This is a re-write/rephrasing of something I posted two days ago. I realized my phrasing was way too broad and that I was ignoring the non-monetary value of music. My argument was that music has little to no monetary value. Hopefully this is now a little more accurate.
Music is now without monetary value. This is a controversial statement and I’m sure many will disagree with it on the basis of both personal conviction and economics. I believe I can address the economic objections and I hope I can also sway some to reevaluate their belief that the music they create, sell, or buy has a monetary value.
The reason for the “worthlessness” of music (and I say this in a purely economic sense and I am not referring to the personal value music holds for many) is its infinite supply. In a manner of minutes (seconds?) I can find and download almost any album or song online for free. Putting aside the legal objections to this action (and since 95% of music downloaded is done so illegally, this objection is largely irrelevant), this essentially infinite supply of music renders it without a monetary value.
This has several implications. It does NOT mean that it is impossible to make money through the sale of music. However, the days of selling albums or songs at 128kbps or 192kbps are rapidly drawing to a close more and more people awake to the notion that the supply of music at these bitrates is infinite and that paying money for them is a silly proposition. The economics of scarcity and abundance are worth examining. People have stopped paying for music for the same reason people don’t pay for air. It’s everywhere and free so why would you?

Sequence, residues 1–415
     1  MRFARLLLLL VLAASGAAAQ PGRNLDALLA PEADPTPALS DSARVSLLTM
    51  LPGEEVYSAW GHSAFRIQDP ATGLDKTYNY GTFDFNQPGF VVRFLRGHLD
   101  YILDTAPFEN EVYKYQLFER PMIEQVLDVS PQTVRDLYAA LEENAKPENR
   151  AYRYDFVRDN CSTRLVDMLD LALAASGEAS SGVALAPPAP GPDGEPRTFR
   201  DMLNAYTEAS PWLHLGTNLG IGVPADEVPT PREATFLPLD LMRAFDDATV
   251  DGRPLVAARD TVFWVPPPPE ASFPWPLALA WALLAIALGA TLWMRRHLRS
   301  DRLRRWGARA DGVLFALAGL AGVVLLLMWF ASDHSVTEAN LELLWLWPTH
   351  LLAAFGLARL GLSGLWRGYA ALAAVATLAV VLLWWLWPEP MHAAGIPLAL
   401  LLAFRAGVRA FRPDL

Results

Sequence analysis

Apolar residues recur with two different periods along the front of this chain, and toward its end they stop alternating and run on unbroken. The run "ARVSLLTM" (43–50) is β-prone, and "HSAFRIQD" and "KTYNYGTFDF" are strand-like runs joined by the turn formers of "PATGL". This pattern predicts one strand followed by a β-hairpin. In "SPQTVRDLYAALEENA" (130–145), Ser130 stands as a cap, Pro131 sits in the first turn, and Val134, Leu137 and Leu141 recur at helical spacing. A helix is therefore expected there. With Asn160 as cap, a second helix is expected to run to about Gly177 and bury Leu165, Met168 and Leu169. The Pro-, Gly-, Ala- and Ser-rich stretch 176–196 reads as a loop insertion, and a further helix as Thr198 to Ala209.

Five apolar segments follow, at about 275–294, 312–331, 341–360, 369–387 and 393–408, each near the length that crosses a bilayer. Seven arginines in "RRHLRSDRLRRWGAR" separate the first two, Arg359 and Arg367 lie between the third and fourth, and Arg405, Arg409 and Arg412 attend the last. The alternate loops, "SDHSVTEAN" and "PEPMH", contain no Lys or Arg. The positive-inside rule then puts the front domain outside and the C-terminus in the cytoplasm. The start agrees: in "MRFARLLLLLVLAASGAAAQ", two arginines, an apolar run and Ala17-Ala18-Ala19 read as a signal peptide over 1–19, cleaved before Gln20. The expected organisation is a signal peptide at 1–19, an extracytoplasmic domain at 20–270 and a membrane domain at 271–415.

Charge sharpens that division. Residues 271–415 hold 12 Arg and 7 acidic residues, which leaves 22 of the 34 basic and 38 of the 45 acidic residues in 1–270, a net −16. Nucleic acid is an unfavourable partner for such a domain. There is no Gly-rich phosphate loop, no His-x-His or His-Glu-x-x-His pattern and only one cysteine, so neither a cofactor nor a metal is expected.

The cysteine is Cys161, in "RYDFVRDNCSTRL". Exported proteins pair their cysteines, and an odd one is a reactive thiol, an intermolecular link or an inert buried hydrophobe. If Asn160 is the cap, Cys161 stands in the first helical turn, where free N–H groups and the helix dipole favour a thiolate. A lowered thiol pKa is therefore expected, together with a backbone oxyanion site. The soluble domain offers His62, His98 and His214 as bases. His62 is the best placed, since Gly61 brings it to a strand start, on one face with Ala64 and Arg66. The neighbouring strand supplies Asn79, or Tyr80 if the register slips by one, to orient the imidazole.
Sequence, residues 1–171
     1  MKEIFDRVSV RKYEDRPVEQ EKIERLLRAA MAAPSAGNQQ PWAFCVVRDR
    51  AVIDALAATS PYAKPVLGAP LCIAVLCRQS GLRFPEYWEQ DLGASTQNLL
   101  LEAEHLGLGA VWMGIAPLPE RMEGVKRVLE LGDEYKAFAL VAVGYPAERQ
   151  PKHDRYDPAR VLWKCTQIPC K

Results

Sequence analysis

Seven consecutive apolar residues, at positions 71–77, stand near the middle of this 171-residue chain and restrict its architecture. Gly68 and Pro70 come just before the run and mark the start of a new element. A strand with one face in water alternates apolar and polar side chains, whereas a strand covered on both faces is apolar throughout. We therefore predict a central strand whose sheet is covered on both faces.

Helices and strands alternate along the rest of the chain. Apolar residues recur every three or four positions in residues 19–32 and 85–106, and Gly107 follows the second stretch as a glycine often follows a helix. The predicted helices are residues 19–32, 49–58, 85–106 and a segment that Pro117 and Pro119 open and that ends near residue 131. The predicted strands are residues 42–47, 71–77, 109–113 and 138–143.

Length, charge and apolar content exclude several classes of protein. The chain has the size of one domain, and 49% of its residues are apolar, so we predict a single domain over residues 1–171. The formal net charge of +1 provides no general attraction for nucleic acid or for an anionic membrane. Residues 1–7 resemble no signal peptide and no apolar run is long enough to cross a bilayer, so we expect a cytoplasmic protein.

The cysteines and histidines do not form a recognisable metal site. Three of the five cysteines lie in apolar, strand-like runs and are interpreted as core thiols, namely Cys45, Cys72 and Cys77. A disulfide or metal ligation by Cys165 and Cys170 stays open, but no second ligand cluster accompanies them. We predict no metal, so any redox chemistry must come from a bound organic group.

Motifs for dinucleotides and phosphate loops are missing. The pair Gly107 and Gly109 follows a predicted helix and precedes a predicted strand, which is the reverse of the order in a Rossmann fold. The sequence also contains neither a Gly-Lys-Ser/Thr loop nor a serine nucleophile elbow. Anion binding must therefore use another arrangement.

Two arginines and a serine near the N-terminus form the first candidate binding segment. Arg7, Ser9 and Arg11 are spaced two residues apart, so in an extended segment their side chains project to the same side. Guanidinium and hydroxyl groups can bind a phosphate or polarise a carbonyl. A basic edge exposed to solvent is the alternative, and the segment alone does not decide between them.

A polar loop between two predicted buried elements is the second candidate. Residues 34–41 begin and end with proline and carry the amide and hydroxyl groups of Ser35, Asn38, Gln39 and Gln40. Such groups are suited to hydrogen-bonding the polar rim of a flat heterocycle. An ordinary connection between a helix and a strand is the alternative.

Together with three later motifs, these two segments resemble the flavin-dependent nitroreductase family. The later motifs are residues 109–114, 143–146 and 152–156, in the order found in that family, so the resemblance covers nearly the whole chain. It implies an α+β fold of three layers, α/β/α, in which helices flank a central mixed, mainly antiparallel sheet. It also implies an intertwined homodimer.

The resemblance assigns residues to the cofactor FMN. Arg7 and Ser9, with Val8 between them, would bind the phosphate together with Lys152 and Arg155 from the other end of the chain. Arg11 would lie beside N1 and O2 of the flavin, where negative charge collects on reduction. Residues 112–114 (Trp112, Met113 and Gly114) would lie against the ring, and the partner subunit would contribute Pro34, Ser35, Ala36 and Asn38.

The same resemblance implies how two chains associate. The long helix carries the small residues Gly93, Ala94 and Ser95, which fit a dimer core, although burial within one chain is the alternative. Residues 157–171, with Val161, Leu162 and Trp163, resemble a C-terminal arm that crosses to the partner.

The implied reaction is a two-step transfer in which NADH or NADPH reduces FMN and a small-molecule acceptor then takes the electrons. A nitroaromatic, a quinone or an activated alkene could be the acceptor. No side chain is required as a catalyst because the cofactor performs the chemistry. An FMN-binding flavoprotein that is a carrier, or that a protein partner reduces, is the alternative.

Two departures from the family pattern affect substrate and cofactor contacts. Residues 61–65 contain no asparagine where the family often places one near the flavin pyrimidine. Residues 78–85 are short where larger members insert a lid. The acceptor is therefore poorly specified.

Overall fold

Except people do pay money for air, in certain circumstances. If you scuba dive, you will gladly pay good money for air. Of course, the value in this situation does not come from the air itself but from the packaging and delivery of the air. In short, air = worthless. Air in a tank when you need it = valuable.
Likewise with music, the basic digitized music is increasingly hard to sell for money but there are ways to add value to it. One such way is to offer higher quality files, such as 320kbps or lossless. Another is to add value through packaging. This is why Nine Inch Nails was able to sell 2,500 of their $300 Ultra-Deluxe Ghosts boxset. The music itself was free (you could download it from the NIN website) but the packaging added the value. Because the Ghosts Ultra-Deluxe boxset was autographed by Trent Reznor himself, it is an example of a third way to add value to music: by adding a connection to the artist. This is the “souvenir method”. People are willing to pay money, or more money than they normally would, if there is a component of connection to the artist. Autographs can provide this connection as can individualized artwork. Selling music at a concert is less about selling the actual music and more about selling a physical memory of the event, thus providing the connection to the artist.
It has been pointed out to me that there many other types of value contained within music still. While this is the topic for an entire other post, the attention and personal conviction behind music absolutely have value. My argument is merely that on a macro scale, people are increasing realizing that paying for music with money is not a fair proposition for them, the consumer (hence the drop in CD sale). They are willing to pay when this music has value added to it (hence the rise in the sale of vinyl – the value is in the better packaging).